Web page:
The Scotland Bill has been somewhat delayed at Westminster, firstly because of the Libya debate and then the Scottish elections. The First Minister has called for the devolution of Corporation Tax, control over the Crown Estate, and immediate borrowing powers. Yesterday, he upped the ante by calling for a fresh raft of powers to be included in the Bill including control of excise duty on alcohol and cigarettes, create a new digital Scottish TV channel, and a guaranteed seat at the European table.
On Corporation Tax my view is no. I know Northern Ireland is supposed to be getting this power, but there are special circumstances and I wonder if it will actually happen. Using Corporation Tax to entice companies across the border will inevitably lead to a race to the bottom and there is no evidence that it promotes growth. And how are we going to pay for what will undoubtedly be a tax cut? Further cuts in public services.
Control over the Crown Estate is a yes. There are obvious synergies with existing devolved powers. However, we cannot expect to simply draw down income streams from UK powers without compensatory cuts in the block budget. Nice if we could but the Treasury is not daft.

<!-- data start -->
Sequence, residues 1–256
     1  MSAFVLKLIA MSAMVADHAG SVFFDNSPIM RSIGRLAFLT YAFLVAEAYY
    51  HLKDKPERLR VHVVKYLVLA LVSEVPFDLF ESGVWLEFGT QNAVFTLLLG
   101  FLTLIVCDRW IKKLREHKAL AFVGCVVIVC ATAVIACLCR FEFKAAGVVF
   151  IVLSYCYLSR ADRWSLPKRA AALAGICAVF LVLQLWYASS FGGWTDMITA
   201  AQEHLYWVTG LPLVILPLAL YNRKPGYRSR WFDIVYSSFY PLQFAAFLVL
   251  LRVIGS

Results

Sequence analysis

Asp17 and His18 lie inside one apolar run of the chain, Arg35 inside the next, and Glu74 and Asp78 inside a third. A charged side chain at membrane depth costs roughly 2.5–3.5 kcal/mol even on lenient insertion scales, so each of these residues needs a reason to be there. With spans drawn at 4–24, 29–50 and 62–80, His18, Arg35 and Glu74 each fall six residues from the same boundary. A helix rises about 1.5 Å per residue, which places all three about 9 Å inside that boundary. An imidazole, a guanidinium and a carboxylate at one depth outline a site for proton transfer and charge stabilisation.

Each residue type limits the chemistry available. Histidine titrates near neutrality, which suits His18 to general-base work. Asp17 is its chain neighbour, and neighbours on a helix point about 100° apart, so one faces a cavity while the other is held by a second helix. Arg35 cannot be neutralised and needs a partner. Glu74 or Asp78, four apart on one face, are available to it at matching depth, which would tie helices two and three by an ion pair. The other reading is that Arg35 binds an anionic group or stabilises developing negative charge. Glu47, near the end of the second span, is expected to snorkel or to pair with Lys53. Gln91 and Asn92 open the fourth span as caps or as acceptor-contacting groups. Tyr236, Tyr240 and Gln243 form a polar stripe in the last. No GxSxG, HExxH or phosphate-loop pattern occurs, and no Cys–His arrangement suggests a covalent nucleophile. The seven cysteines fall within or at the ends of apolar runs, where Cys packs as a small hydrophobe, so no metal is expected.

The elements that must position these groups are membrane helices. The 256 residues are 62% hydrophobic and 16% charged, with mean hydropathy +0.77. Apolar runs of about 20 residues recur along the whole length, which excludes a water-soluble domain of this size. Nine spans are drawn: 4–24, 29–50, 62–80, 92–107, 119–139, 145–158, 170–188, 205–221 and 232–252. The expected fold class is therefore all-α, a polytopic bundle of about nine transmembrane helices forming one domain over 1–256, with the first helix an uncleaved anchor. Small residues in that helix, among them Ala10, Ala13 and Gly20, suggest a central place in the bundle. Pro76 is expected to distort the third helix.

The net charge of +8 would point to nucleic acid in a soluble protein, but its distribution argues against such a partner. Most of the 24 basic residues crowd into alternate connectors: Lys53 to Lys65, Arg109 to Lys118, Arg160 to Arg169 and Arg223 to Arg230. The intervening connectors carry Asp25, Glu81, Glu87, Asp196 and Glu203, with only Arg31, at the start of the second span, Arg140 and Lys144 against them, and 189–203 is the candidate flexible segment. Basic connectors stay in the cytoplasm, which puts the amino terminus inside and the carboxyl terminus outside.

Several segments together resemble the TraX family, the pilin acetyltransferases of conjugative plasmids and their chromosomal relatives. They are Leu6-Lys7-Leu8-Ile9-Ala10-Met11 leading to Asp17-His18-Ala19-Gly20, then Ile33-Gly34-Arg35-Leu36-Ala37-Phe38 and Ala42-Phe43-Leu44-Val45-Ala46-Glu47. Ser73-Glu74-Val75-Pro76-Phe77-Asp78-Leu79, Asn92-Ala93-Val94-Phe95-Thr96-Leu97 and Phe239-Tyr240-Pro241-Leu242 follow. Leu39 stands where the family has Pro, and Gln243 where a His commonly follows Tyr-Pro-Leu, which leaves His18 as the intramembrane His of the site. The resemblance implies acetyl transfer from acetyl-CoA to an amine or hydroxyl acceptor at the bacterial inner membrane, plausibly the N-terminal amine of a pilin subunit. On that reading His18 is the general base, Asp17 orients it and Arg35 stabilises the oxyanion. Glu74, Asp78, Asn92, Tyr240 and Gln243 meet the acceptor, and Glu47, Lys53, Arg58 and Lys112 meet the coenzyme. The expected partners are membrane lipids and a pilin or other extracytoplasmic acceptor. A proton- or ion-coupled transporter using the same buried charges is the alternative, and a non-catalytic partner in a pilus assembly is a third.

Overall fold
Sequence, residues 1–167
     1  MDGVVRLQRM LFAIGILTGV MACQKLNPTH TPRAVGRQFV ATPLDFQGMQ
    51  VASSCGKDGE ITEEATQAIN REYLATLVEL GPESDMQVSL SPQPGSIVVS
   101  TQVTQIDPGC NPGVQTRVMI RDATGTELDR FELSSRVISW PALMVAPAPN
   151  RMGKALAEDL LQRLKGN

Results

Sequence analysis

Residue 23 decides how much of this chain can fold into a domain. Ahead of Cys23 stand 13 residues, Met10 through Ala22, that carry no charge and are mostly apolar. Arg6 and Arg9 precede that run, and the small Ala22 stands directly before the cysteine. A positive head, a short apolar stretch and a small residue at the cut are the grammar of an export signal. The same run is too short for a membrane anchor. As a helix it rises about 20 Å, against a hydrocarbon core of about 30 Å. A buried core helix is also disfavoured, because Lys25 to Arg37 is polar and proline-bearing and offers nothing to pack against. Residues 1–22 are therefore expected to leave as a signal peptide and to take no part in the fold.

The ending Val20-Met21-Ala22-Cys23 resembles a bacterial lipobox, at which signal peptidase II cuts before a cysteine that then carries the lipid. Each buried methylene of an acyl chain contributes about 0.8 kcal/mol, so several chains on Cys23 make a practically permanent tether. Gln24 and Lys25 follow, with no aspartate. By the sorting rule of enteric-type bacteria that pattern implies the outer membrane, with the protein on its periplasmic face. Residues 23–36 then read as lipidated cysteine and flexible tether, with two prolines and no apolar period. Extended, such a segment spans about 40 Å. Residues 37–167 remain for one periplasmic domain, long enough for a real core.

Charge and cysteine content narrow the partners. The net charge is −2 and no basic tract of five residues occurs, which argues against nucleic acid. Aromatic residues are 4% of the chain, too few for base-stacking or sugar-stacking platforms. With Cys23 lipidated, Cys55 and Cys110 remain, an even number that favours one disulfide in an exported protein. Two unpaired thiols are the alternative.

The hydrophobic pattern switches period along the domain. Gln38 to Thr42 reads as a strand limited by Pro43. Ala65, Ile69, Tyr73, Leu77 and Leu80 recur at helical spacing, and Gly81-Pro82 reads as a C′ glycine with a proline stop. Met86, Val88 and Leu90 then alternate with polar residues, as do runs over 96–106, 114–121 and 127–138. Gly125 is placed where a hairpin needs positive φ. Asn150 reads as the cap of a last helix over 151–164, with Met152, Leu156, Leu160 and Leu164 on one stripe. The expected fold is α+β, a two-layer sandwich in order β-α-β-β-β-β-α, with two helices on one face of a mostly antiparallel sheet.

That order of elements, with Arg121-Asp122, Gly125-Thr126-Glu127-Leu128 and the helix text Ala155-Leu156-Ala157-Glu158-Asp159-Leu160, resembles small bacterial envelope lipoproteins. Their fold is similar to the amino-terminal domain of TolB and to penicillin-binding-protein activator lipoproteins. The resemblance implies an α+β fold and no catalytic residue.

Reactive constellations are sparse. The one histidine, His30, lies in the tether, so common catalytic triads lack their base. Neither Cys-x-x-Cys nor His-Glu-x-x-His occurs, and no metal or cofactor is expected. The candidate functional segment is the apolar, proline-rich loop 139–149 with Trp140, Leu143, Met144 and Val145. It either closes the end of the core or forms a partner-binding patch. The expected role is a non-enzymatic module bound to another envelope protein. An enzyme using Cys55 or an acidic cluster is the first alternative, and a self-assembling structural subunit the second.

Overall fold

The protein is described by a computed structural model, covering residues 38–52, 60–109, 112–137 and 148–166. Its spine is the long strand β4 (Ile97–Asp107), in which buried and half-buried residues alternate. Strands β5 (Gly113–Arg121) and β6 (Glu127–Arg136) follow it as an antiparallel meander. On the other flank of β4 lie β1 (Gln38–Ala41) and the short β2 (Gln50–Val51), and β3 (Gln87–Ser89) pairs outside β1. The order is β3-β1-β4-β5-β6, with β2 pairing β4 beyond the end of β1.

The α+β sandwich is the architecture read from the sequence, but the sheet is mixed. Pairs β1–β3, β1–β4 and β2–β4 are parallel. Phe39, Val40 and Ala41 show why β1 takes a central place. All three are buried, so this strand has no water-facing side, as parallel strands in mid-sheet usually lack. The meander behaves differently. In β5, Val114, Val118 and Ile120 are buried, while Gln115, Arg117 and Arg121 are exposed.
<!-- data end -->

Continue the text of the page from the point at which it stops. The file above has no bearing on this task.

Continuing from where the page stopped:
Borrowing powers is a definite yes. Calman could have been stronger on this but the draft Bill is much weaker. Artificial limits and Treasury controls should go. Plus we should be able to raise bonds. This could be particularly useful for Scottish Water investment and the ideas in the Hydro Nation consultation.
Excise duties is a maybe. It would get over one of the strongest objections to the minimum pricing proposals that were defeated in the last session. Increasing the price of booze is sound, but lining the pockets of Tesco et al isn't. However, a steady stream of booze filled white vans up and down the M74 isn't very attractive either.
Broadcasting is a yes. There is no reason left for this not to be devolved. It shouldn't mean insular news and programmes. We have a long tradition of internationalism and viewers would quickly object to parochial TV and radio.
A seat at the European table is also a yes, compatible with the access that other devolved/federal institutions have. A Europe of the regions is something we should promote.
In UNISON Scotland's evidence to the Calman Commission we argued that the test for new powers should be subsidiarity. On that test many of the First Minister's are reasonable - but not all.